We love weather and for many of us, we love space, too! That’s me for sure. I’ve always been fascinated with space (I considered astronomy as a major before I discovered meteorology). If you follow me on social media, you probably have seen the evidence: lots of moon, planet and nebulae photos, astronaut retweets, and posts about celestial events coming up.
One of my captures of the moon.
At the Kennedy Space Center with Director Bob Cabana.
One of my favorite things to do is ‘Spot the Station.’ The International Space Station launched into orbit in 1998 and has been inhabited continuously since 2000. It is the largest man-made object in orbit, but what is extra amazing (to me, anyway), is you can see it fly over without any help—just your eyes and some planning. It will often outshine even bright and beautiful Venus or Jupiter in the sky. I’m pretty obsessed. I have now seen the ISS fly over in 12 states and 2 countries. I’ve photographed it, watched it, and had the great honor of meeting some of its visitors. I’m an ISS junkie!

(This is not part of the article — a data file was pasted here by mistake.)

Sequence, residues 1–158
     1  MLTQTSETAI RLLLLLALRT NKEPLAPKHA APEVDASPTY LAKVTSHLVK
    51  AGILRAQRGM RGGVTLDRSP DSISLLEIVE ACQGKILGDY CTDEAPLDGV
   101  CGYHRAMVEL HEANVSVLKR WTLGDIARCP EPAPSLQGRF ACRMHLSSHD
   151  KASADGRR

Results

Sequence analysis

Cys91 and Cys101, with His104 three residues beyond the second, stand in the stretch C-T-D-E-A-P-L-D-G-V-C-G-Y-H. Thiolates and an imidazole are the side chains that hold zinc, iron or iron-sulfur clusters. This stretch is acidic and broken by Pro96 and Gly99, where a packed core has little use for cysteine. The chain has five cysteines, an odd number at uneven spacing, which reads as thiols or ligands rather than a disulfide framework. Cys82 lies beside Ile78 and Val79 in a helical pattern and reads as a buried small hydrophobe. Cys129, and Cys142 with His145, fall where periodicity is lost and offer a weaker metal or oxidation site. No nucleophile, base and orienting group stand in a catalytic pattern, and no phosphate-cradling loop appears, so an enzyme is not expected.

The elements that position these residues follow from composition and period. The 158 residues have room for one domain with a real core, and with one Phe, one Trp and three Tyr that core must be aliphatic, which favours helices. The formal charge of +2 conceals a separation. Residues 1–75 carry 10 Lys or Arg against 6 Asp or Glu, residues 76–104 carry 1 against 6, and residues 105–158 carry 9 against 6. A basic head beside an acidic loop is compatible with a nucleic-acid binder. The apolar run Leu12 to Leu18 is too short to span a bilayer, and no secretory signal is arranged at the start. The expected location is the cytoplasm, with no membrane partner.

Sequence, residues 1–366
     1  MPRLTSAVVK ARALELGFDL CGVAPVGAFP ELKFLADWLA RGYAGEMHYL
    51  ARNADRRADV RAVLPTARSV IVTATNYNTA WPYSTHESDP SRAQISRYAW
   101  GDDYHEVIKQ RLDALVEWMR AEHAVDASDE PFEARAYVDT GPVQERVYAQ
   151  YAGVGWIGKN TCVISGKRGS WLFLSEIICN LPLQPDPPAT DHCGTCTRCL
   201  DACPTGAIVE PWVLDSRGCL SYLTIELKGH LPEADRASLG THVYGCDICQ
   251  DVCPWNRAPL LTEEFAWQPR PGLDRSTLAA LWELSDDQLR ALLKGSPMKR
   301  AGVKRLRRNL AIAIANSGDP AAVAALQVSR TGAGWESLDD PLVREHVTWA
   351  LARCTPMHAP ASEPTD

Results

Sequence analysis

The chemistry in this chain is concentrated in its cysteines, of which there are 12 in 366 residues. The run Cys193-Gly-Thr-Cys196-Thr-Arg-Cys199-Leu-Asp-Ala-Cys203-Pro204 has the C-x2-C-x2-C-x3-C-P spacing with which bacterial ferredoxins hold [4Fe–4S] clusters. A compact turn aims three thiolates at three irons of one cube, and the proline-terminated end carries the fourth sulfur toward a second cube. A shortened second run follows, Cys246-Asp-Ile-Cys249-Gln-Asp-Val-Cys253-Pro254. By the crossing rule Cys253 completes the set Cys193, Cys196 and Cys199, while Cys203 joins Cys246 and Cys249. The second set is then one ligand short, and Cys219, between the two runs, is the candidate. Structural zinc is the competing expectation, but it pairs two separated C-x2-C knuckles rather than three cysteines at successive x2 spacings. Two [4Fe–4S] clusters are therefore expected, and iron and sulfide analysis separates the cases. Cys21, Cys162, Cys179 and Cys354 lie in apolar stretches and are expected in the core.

If you look closely here, you can see the ISS circled in blue to the left of the moon. The yellow lines on the map indicate the path of the ISS.
Here is a shot of Venus and Jupiter from my telescope.
I still manage to get my kids to watch a flyover or two with me. They’re slightly jaded (I’ll blame youth for now), as they don’t really completely understand what it means to have this incredible orbiting space lab. The international cooperation and human ingenuity got this lab 200 miles above the surface. It completes an orbit every 90 minutes, and conducts experiments, for example, that will help bring someone to Mars…someone who, perhaps, is my kids’ age now! I always ask them, “Can you believe there are people in that bright thing right now? And they’re traveling more than 17,000 mph!”
The ISS going across the sky.
If I’ve sold you on the idea of spotting the station, there are lots of tracking apps that can alert you when it will be flying over your town. I like the simple satellite flybys page on spaceweather.com. You just type in a zip code and it finds when visible satellites (like the ISS) will be over that area, when, and where to look.
Trent Smith works at the Kennedy Space Center and is part of the team testing out what can be grown in space. Above you can see a type of lettuce being grown on board the ISS.
Obviously, clear skies and no precipitation are the best viewing conditions, but don’t let a few clouds stop you! Also, the great news is if you miss a flyby, they happen frequently, so there will always be a next time not that long after.